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The Social Perspective Taking Process: Strategies and Sources of Evidence in Taking Another’s Perspective


by Hunter Gehlbach & Maureen E. Brinkworth — 2012

Background/Context: Research indicates that social perspective taking—the capacity to discern the thoughts and feelings of others—plays a role in many important outcomes in schools. Despite the potential benefits for students and educators, little is known about social perspective taking (SPT) as a process.

Purpose/Research Question: If educational researchers are ultimately to design interventions to help improve the perspective-taking capacities of those in schools, they need to fully understand the underlying process, that is, how social perspective taking actually happens. Particularly important is the need to understand what strategies individuals use and what sources of evidence they draw from when they take the perspective of others.

Participants: To investigate this question, a sample of 18 adults from an array of different professions (who were nominated as adept perspective takers) and 13 high school students (who were nominated as struggling with social perspective taking) participated in the study.

Research Design: Participants completed in-depth interviews and a “think-aloud” protocol as part of this mixed-method exploratory study. The interviews and think-alouds were coded for the type of social perspective taking that strategy participants employed and for the sources of evidence they relied on, respectively.

Findings: Results indicated that participants relied on 12 different types of SPT strategies and drew from seven different sources of evidence when discerning others’ thoughts and feelings.

Conclusions/Recommendations: These findings provide foundational knowledge that lays groundwork for ultimately developing approaches to teach social perspective taking. At a practical level, these findings provide options for students and educators to experiment with as they attempt to take the perspective of one another.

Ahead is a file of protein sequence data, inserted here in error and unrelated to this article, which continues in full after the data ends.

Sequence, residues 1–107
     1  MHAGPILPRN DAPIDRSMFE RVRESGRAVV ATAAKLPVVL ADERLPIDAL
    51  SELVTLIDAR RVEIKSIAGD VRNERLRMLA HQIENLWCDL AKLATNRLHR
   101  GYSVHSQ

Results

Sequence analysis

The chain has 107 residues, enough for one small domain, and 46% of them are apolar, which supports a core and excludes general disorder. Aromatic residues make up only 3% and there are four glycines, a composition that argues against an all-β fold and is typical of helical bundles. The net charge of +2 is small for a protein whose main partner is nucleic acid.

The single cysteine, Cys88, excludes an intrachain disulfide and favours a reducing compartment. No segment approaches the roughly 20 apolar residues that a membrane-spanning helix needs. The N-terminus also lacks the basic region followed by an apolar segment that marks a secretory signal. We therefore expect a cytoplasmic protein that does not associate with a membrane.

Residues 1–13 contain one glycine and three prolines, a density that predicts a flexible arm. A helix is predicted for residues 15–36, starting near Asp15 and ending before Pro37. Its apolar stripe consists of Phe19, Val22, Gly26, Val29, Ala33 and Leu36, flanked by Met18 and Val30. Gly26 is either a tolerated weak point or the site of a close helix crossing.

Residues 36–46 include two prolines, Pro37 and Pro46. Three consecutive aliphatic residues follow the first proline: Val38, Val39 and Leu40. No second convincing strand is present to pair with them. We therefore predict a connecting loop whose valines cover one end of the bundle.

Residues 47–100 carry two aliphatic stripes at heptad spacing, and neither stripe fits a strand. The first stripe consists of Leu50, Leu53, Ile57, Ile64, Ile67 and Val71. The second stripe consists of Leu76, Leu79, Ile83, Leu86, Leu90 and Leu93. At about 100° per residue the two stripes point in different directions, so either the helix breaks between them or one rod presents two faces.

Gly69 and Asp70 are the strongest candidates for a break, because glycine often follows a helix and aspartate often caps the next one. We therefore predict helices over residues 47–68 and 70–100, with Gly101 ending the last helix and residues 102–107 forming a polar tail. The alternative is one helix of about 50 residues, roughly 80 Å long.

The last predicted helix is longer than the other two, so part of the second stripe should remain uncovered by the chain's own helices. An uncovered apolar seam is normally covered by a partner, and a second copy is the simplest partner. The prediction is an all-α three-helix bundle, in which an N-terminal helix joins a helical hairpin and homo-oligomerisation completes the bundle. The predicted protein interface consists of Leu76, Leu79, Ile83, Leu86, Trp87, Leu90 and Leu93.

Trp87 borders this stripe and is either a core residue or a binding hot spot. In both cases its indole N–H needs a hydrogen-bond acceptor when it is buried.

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Cite This Article as: Teachers College Record Volume 114 Number 1, 2012, p. 1-29
http://www.tcrecord.org ID Number: 16215, Date Accessed: 10/30/2014 6:53:15 PM

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About the Author
  • Hunter Gehlbach
    Harvard University
    E-mail Author
    HUNTER GEHLBACH is an assistant professor at Harvard’s Graduate School of Education. His primary interests lie in using social psychological principles and research to improve schools. He also maintains an active research interest in how to most effectively design questionnaires. Recent publications include “Motivated Thinkers and the Mistakes They Make” in Advances in Motivation and Achievement: Social Psychological Perspectives (with Maureen Brinkworth) and an article in Educational Psychology Review entitled “The Social Side of School: Why Teachers Need Social Psychology.”
  • Maureen Brinkworth
    Harvard University
    MAUREEN BRINKWORTH is a doctoral candidate at Harvard’s Graduate School of Education. She is interested in how social perspective taking impacts different aspects of secondary classrooms—particularly the relationships between teachers and students. Her recent work includes “Motivated Thinkers and the Mistakes They Make” in Advances in Motivation and Achievement: Social Psychological Perspectives (with Hunter Gehlbach).
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